Typelab. Website designed by Twistudio. Typefaces curated by Floriane Rousselot.

Head over to typelab.fr, and suddenly the white page will flare up in red. Your pointer will become the fire emoji.  This website is stark but playful, just like the typefaces it houses. Welcome to Typelab: a collaborative portfolio for young type designers curated by Paris-based type designer Floriane Rousselot.

Click anywhere, and you’ll be sent to a page listing several expressive fonts. The two collections of typefaces currently on display—“capsule territory” and “capsule future”—include unusual, expressive fonts by Rousselot’s contemporaries, many of whom she’s connected with through Instagram. You can test the various typefaces on the site—manipulating weight, size, and letter-spacing—and then with the click of a button, contact the individual designers for purchasing information. It’s a DIY set up that might one day, as interest and submissions continue to gather momentum, develop into an e-shop.

Typelab. Website designed by Twistudio. Typefaces curated by Floriane Rousselot.

“I started Typelab to show off my fonts and fonts by friends,” says Rousselot, who launched the platform earlier this year. “I felt like we needed a digital place to showcase our work—which is all based on experimental lettering—as foundries and type design distributors often don’t want to promote our typefaces. They don’t fit into their catalogs. Ideally, I want Typelab to grow in order to help other young designers show their work.”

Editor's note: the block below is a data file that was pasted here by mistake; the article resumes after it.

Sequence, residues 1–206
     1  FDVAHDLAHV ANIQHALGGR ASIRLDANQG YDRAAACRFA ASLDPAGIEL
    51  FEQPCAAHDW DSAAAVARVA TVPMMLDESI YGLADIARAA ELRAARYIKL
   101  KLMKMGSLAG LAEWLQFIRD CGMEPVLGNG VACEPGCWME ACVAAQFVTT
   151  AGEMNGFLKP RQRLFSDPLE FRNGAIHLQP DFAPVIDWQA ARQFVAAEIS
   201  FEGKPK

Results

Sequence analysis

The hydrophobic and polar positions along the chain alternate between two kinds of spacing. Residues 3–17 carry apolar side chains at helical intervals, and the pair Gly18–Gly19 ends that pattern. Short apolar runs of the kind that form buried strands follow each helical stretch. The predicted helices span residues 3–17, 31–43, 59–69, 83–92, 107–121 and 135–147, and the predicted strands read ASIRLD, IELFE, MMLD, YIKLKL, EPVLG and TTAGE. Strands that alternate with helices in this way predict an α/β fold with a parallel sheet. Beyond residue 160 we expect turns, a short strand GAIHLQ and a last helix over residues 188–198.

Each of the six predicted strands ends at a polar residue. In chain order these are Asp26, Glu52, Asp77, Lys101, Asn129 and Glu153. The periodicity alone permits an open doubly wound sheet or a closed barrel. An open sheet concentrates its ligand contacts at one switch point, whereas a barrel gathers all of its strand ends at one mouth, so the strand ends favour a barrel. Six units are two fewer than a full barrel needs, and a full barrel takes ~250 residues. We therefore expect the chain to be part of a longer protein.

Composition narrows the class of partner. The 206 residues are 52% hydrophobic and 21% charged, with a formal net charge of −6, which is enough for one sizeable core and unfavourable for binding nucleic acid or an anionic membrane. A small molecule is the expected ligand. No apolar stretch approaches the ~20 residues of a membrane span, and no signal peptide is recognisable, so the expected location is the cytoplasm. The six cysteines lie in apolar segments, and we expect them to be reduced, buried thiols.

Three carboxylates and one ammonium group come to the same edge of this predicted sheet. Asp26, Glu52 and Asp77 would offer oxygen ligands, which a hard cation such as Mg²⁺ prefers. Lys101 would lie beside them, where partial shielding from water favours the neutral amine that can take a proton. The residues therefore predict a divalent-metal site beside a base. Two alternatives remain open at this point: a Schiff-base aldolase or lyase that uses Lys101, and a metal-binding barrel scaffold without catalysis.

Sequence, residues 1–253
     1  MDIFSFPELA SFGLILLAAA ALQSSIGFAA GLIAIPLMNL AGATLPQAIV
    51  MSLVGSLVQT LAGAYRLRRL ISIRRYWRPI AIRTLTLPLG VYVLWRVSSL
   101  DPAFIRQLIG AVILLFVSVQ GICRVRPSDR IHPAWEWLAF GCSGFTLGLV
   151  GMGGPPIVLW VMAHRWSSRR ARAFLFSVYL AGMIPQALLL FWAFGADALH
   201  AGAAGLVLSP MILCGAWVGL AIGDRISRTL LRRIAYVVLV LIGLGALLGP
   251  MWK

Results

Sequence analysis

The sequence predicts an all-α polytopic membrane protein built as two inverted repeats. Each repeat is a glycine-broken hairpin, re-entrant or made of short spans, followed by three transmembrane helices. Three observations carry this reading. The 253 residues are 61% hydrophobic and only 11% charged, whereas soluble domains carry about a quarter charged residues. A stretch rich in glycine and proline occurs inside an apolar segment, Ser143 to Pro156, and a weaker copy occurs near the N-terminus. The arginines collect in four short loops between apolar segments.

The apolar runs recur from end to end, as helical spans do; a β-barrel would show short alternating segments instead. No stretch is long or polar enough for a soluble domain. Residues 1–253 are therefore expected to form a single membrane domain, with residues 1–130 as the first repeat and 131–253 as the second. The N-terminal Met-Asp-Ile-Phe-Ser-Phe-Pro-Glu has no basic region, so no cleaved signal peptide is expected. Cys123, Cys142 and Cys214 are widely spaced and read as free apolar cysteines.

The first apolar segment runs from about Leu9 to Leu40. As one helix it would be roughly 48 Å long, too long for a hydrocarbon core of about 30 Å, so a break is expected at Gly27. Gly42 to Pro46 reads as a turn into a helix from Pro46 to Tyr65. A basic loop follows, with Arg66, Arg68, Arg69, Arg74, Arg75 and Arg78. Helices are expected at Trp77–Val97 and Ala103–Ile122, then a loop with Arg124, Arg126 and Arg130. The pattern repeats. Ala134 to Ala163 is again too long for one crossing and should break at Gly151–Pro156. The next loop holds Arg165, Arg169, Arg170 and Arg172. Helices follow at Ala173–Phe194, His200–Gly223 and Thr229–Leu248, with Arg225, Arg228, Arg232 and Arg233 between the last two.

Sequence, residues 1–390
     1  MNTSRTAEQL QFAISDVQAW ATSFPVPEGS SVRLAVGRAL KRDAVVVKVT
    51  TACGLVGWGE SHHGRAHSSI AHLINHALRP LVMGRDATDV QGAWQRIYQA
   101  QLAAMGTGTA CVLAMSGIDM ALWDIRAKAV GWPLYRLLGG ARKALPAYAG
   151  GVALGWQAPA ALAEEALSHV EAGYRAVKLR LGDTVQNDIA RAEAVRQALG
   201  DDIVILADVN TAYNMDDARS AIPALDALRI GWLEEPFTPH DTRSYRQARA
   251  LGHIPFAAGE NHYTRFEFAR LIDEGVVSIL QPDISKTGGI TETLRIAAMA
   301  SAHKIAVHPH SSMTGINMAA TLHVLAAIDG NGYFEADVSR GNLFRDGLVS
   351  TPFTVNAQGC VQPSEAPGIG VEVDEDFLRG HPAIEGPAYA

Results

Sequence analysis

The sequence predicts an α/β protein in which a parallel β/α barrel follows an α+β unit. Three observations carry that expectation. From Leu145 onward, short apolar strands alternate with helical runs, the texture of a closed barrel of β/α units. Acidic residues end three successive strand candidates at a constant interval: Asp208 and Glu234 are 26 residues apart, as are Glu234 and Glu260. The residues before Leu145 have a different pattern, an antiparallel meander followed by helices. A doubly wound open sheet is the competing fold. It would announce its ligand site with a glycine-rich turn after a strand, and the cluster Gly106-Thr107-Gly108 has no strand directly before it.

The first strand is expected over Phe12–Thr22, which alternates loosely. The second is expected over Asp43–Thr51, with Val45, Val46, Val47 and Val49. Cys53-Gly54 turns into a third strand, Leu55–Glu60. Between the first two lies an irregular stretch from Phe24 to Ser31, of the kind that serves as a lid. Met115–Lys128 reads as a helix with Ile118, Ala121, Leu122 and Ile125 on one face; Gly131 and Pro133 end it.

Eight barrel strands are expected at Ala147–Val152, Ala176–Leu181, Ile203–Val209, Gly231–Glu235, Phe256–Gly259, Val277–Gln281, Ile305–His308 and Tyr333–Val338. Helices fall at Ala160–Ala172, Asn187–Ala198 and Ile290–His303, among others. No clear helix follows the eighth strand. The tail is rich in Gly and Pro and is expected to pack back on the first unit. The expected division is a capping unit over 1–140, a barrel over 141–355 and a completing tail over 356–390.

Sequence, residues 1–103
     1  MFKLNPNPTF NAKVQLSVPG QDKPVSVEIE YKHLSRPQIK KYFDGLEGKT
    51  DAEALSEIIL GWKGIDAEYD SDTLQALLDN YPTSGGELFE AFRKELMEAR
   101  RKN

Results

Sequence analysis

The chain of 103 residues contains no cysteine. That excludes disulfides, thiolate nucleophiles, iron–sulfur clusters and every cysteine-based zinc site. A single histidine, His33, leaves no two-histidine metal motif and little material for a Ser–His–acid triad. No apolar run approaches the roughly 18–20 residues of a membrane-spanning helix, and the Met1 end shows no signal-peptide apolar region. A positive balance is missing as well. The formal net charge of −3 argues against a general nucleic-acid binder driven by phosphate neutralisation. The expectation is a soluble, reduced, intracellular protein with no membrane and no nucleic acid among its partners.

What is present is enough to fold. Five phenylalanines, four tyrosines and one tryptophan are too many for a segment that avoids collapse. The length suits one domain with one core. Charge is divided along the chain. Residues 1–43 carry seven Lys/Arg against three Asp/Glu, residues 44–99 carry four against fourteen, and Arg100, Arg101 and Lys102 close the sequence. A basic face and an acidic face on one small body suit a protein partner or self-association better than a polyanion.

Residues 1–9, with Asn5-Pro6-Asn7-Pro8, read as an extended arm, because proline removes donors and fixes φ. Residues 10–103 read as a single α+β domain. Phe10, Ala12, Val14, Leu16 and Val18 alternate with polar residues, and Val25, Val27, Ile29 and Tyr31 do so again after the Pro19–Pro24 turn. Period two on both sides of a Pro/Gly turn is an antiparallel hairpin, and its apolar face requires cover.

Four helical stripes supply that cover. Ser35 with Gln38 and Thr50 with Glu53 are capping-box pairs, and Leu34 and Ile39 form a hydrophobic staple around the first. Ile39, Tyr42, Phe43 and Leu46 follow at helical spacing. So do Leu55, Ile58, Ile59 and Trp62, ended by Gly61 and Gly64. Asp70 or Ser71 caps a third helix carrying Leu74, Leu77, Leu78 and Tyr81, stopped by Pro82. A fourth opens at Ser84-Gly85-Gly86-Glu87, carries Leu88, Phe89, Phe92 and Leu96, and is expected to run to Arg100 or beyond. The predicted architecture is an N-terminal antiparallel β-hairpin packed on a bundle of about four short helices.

Her selection criteria is based on experimentation; the fonts on Typelab “aren’t perfect”, but rather prize concept over technical precision. The idea is to explore how typefaces and letters “can behave” rather than emphasizing legibility and readability. “A typeface’s concept, and its sense of experimentation, is what’s most important to me,” determines Rousselot.

On Typelab, you’ll find fonts such as MK Amour, a fluid, oozing, curling font based on the idea of slang. There’s also Rousselot’s own Galejade—an ornamental font with the spiked, snaking appearance of fire. Vivien Hoffmann’s Kasja is a wispy with a hint of blackletter, and Kazuhiro Aihara’s Sword pierces the white page like an angry spectre. Typelab is no ordinary type library, and with it, you may just find exactly what you’re looking for to give your project an added, unexpected lift.